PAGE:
Some Graphs to Start the Year

Not wanting to start your year with doom, I waited a day.

I didn’t post much satellite global temperature data last year because I was busy. Here’s how things look up to November 2021.

The usual caveats apply here: not the best temperature record but the one that side-steps some time-wasting arguments. If you focus just on a very short time period, it looks like a stable wobble around a mean but over long time periods, the move upwards continues as expected.

La Niña conditions have kept things relatively cool & wet in Australia but the impacts on North America are less benign. When things shift away from those conditions it’s likely to be a bad fire season again here at some point.

While the 2019/2020 fire season was notoriously bad, the timing could have been worse. Australia missed having catastrophic fires and a pandemic at the same time. How is Covid going here? Well, the virus is having a great time. New South Wales dialled back its anti-pandemic measures just in time for the omicron variant. Here’s how the cumulative case numbers per million people are looking, with some other industrialised nations which have had relatively low numbers put in for comparison.

Vaccines have made a difference to the deadliness of the virus but exponential growth will still lead to lots of people with major health impacts (including death). The impact on hospitals is getting bad here also, which has health impacts on everybody.

Hospitalisation data is more limited worldwide and obviously when comparing countries, there are going to be a lot of other factors involved. Having said that, I thought this graph showing Canada and Australia together (and adjusted for population size) was interesting.

Canada & Australia are both very different countries and very similar countries depending on what aspects you consider. Up to around the fourth quarter of 2021, they also had very different experiences of the pandemic (Canada’s proximity to the US being a major factor). In more recent months those hospitalisation figures have become a lot more similar. No big conclusion there, I just thought the coincidence was interesting.

I don’t know if covid will become seasonal like the flu but currently, it isn’t. Public policy and viral mutation appear to be having a bigger impact than the time of year.

A different view of culture wars and Science Fiction

I haven’t linked to Sarah Hoyt’s Mad Genius Club blog for a long time, mainly because much of what she is posting is not well structured. However, a recent post was germane to my interests and has some overlap with the Debarkle project. The post is rambling and full of odd leaps and flawed premises but that is the normal situation. The opening paragraphs states her premise relatively clearly:

“Perhaps it makes perfect sense for the science fiction genre — literature and movie, and all its glorious expanse — which achieved prominence in the 20th century to have become in a way, sideways, in small sphere the guinea pig of societal trends to come.

I’m only half in jest and all in seriousness, mind you.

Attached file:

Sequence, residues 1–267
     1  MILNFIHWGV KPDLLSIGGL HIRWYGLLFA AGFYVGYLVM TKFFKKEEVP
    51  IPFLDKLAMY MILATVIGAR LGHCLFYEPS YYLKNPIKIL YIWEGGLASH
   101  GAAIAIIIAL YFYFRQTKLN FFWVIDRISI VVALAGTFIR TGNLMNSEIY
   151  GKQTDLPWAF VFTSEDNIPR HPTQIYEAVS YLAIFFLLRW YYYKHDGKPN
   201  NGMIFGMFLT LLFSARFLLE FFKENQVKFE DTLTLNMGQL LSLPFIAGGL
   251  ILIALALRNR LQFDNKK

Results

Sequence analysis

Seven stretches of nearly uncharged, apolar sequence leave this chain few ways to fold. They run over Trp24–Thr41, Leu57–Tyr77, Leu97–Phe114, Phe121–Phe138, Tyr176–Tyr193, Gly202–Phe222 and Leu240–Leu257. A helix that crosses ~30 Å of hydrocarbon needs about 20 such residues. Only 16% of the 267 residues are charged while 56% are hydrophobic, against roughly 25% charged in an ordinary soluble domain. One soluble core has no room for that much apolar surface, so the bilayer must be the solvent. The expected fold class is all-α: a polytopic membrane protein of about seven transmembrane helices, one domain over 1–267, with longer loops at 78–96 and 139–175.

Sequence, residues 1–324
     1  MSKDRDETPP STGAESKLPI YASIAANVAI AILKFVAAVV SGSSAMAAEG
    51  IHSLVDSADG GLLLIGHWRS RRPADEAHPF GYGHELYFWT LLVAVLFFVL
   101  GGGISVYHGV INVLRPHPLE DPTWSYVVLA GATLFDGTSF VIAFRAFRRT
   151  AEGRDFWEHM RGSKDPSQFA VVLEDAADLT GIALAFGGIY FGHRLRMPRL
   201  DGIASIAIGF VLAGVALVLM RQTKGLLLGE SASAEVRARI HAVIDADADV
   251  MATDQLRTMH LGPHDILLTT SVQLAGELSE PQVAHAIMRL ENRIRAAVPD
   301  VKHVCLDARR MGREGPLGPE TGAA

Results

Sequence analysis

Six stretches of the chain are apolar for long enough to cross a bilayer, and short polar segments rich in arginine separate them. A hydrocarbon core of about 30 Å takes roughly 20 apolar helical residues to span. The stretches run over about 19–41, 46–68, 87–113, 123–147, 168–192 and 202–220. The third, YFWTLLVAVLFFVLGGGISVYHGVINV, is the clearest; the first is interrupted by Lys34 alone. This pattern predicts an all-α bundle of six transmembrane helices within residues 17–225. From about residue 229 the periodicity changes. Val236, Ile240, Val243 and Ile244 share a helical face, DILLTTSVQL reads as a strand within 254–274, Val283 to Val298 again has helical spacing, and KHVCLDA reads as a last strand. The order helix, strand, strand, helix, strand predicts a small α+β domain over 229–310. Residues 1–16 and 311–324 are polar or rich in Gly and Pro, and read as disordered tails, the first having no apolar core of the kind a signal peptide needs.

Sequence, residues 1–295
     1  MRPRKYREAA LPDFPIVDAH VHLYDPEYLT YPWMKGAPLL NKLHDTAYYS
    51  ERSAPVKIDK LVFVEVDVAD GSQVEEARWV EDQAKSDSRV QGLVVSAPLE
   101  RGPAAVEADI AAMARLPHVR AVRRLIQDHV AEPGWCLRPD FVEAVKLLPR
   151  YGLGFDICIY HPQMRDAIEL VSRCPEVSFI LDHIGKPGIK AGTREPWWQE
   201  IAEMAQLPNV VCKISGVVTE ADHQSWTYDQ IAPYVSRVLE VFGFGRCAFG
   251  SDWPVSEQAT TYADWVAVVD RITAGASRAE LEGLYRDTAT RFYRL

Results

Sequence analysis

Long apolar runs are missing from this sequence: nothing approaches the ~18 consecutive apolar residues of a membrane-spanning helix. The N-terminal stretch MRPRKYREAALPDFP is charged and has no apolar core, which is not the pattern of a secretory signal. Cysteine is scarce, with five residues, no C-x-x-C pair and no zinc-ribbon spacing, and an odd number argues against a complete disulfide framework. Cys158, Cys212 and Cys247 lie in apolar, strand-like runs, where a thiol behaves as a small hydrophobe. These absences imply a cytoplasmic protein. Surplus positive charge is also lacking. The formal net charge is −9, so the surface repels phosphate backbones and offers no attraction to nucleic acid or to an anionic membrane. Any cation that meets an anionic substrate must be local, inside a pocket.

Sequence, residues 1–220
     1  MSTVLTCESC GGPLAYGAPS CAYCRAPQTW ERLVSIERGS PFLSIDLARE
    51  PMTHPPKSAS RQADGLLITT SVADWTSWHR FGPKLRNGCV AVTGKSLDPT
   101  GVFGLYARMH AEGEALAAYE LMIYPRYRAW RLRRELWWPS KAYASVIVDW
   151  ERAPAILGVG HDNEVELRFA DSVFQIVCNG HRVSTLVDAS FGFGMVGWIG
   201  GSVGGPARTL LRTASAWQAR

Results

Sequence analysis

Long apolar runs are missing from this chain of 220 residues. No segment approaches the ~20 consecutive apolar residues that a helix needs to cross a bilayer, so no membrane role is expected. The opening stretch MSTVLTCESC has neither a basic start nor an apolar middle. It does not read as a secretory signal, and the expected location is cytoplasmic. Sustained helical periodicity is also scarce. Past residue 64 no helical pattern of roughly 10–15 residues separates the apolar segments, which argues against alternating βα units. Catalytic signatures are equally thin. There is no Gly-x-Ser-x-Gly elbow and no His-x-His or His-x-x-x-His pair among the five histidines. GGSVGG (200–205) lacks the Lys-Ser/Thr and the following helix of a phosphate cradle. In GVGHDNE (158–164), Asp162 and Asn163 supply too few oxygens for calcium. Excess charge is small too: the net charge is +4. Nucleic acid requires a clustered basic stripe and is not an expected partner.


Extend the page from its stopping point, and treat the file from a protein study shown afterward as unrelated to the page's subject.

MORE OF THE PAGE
This isn’t some half baked idea, like pretending to see the universe in a droplet of water or the conflagration of a match. (Both of which things I was convinced were perfectly valid, due to having learned them in science fiction books, which by the time I got my hot little — emphasis on little — hands on them were over fifty years old.)

It’s rather the fact that because the twentieth century was riven by two primary and — if we have a future as a species, I’m sure to our descendants — insane ideas: the idea that “science” — by which one must understand the knowledge at that time, not the process by which knowledge is acquired, with its heresies and toppling of accepted theory — could explain and ordain everything; and the idea that “great men” in charge would leads to glory by use of that “science.””

I don’t agree with her general idea and certainly not with the specific claims in the essay but I’d see two related ideas as sensible ones:

  • Science fiction is a genre in which people have often explored big ideas including social, economic and political change including positing (unreliably) some changes that actual occurred.
  • Science fiction as a genre is caught up in social change and on occasion changes that are already occurring may be more visible in science fiction literature and communities focused on that literature.

The second dot-point is sort of the premise of Debarkle i.e. science fiction is downstream of social change but not very far downstream. The first dot-point also suggests that science fiction is upstream of social change and can anticipate it but that’s only true in the way that a gambler who bets on every horse in a race can guarantee they picked a winner.

I’m not going to do a line by line refutation of Hoyt’s essay because that would be tiresome for both you and me but I’ll focus on one part because I like to talk about climate change and I also haven’t done that in awhile:

“And then there was “the Earth is going to freeze to death” — I’m packing my library and hoping that I didn’t throw away the anthology (very convincing) I bought at the end of the 80s in which author after author talked about the Earth freezing due to… well, excess freedom, and “consumerism” and “free market.”

Because those d*mn dirty apes just don’t know how to live, and won’t listen to their betters! The Earth has a chill, and the cure is socialism, population control and the “best” people in charge.

Of course, five years later, there were anthologies about how the Earth had a fever and the cure was socialism.”

Hoyt’s echoing a common climate change denial talking point about the supposed sudden shift in scientific consensus from a looming ice age in the mid-70s to global warming in the mid-80s. The talking point is largely false with some nuggets of truth (i.e. there really were discussions of global cooling as a possibility, leading to a new ice age but not a consensus and this was parallel with growing evidence of potential warming from anthropogenic CO2)